By contrast, a revocable trust is changeable while you’re still living, and therefore makes an ideal estate planning document for protecting assets while still allowing you to make tweaks as your life changes. You can transfer property in and out of the trust, change beneficiaries and successor trustees, and use the assets throughout your lifetime. Upon your death, the revocable trust immediately becomes irrevocable.

Power of attorney is a document empowering another individual to make decisions on your behalf. For example, someone can be given power of attorney to make a business decision on a person’s behalf if that person couldn’t attend an important meeting. In the context of estate planning, the most common power of attorney is a durable power of attorney. This means the document remains effective for an individual if s/he is incapacitated. You can have separate medical and financial power of attorney documents, naming one person to act on your behalf for medical decisions and another person for financial decisions.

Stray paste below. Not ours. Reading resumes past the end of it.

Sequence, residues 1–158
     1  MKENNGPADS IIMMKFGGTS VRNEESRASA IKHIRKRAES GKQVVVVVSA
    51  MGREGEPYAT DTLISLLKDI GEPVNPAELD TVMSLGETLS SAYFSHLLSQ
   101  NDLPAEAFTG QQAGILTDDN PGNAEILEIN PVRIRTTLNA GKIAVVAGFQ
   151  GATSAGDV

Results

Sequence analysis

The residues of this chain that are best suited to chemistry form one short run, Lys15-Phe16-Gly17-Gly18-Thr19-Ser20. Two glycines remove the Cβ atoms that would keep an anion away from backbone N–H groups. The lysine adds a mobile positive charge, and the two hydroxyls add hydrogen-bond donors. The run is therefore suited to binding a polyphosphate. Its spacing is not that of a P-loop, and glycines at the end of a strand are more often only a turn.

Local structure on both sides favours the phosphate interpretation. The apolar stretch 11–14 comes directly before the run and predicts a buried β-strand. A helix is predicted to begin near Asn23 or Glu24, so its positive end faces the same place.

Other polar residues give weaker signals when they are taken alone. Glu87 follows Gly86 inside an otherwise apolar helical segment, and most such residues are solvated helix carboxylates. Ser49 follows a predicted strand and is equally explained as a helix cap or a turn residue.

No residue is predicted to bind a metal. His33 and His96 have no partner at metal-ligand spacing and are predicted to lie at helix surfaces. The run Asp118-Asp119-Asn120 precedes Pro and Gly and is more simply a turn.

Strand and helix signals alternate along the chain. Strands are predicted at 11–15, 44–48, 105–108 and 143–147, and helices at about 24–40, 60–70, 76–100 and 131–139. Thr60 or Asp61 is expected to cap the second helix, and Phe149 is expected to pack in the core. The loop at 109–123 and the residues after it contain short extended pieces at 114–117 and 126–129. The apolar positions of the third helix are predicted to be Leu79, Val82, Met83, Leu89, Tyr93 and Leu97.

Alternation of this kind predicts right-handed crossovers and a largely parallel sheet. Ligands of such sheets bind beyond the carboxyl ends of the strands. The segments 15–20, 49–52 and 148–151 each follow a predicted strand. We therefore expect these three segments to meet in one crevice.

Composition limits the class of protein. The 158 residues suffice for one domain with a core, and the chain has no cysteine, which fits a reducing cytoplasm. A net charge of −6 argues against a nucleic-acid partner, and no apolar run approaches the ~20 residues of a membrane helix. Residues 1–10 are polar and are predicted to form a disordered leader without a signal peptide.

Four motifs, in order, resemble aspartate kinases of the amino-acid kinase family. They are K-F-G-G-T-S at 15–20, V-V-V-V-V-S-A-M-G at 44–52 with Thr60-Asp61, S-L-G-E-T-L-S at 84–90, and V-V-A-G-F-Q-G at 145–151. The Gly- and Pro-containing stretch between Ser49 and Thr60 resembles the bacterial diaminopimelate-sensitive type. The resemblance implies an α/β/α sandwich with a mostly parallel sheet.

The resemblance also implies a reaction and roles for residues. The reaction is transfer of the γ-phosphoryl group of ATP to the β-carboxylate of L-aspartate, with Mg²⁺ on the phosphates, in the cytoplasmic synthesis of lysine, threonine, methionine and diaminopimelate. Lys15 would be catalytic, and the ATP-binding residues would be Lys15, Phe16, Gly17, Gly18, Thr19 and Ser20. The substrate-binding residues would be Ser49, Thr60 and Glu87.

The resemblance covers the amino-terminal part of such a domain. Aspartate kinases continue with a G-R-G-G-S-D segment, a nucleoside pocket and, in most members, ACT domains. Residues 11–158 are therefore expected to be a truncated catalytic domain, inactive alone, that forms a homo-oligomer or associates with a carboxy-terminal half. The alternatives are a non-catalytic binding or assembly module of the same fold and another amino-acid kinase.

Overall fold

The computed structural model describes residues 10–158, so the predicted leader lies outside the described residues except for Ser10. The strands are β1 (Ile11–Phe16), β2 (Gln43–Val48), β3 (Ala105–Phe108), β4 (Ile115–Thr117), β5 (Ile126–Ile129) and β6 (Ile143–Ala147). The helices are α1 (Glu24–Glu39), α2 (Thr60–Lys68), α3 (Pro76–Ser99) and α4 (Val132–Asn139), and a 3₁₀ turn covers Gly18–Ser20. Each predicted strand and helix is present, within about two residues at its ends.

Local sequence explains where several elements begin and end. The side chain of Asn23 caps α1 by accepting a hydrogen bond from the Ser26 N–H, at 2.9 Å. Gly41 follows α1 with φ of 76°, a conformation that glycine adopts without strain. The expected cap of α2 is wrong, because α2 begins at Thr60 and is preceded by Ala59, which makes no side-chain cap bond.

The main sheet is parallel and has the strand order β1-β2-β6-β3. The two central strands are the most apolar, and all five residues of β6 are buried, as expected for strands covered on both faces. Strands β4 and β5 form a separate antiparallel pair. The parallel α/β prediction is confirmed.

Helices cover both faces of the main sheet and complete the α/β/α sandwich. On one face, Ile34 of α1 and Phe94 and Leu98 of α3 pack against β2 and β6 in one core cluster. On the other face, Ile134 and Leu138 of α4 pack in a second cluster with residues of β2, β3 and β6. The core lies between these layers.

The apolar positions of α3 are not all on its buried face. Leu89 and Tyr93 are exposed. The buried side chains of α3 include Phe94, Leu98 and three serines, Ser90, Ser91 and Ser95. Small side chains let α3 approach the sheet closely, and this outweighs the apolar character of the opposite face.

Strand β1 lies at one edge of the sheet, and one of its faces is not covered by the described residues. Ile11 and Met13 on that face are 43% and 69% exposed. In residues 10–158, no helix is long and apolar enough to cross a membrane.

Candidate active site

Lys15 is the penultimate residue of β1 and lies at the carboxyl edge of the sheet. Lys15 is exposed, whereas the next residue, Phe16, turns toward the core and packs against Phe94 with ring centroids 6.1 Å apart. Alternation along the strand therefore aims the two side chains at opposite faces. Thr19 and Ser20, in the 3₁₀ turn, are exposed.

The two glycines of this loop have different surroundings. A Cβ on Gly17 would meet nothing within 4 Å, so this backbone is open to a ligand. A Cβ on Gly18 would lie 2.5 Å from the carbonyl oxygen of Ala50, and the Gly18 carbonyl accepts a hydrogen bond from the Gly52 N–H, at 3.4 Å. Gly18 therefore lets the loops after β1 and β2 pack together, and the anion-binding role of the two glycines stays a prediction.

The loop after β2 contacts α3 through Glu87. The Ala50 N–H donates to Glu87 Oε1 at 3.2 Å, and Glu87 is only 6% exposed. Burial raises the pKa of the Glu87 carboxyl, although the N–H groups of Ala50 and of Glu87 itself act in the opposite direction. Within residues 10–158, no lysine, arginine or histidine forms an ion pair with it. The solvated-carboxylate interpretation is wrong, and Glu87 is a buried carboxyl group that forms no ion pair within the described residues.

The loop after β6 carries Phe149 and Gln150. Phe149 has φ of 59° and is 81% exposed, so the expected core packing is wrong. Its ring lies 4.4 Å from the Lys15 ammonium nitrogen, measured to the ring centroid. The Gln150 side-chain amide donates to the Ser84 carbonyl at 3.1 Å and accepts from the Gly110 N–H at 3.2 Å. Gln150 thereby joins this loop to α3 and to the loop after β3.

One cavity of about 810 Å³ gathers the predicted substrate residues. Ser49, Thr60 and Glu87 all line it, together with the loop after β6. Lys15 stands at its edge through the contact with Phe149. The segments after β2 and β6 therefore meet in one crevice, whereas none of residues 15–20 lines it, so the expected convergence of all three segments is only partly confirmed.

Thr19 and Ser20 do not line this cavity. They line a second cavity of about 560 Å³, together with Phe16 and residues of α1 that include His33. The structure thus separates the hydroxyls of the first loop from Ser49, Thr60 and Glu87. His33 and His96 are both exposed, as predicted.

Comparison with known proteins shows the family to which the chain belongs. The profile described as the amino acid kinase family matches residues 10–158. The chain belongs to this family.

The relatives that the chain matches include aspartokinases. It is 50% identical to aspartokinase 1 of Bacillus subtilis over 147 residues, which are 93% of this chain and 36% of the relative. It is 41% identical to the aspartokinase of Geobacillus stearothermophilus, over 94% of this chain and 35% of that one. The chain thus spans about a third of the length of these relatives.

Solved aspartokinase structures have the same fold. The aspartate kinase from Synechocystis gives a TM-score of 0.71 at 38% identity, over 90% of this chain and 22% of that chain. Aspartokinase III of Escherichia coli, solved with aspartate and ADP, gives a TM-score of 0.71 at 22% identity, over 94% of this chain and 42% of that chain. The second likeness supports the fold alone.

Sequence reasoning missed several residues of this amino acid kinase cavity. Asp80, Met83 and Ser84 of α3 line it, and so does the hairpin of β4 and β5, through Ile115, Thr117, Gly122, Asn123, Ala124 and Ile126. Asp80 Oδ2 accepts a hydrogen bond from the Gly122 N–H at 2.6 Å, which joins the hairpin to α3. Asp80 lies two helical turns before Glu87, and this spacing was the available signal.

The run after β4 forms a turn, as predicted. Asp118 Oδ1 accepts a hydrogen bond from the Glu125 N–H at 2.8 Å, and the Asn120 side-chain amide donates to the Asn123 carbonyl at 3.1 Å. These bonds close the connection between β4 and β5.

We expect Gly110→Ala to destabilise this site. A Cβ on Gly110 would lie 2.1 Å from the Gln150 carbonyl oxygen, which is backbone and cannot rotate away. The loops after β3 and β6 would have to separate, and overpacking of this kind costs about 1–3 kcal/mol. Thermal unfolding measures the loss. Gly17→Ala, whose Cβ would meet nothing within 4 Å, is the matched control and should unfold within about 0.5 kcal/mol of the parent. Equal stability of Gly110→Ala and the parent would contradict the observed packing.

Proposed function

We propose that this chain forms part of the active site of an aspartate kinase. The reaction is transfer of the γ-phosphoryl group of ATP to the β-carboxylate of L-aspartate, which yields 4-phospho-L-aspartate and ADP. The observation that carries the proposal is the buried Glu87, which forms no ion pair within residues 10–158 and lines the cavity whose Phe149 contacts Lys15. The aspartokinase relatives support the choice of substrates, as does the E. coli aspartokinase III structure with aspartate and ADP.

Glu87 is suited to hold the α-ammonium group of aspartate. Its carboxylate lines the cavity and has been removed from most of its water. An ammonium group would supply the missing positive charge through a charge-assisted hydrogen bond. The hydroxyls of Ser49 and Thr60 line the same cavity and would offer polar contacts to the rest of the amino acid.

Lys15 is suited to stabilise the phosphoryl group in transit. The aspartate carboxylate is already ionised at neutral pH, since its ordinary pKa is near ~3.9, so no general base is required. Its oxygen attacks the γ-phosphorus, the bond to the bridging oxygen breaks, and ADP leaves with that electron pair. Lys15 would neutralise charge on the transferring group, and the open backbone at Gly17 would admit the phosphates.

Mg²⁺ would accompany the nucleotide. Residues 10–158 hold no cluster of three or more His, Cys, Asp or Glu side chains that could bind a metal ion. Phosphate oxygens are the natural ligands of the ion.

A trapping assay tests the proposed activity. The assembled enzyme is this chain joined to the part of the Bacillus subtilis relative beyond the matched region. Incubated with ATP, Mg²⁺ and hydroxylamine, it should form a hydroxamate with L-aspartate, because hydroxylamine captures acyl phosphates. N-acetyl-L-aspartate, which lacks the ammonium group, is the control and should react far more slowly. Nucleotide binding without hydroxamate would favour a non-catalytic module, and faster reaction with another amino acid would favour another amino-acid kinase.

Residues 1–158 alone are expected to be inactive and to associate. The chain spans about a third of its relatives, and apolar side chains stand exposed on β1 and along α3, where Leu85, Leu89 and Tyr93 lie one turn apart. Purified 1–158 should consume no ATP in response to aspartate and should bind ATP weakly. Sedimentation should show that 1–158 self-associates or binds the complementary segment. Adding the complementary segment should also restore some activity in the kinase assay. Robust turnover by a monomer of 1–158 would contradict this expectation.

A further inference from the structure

A living will works in conjunction with a power of attorney by expressing your wishes should you be incapacitated or in a vegetative state. The living will can ensure your wishes for your medical care are followed, but since you don’t know if or what may happen to you, any additional decisions can be left up to the trusted individual named in your medical power of attorney. Likewise, the individual given financial power of attorney can act on your behalf in that capacity while you’re unable to perform those actions.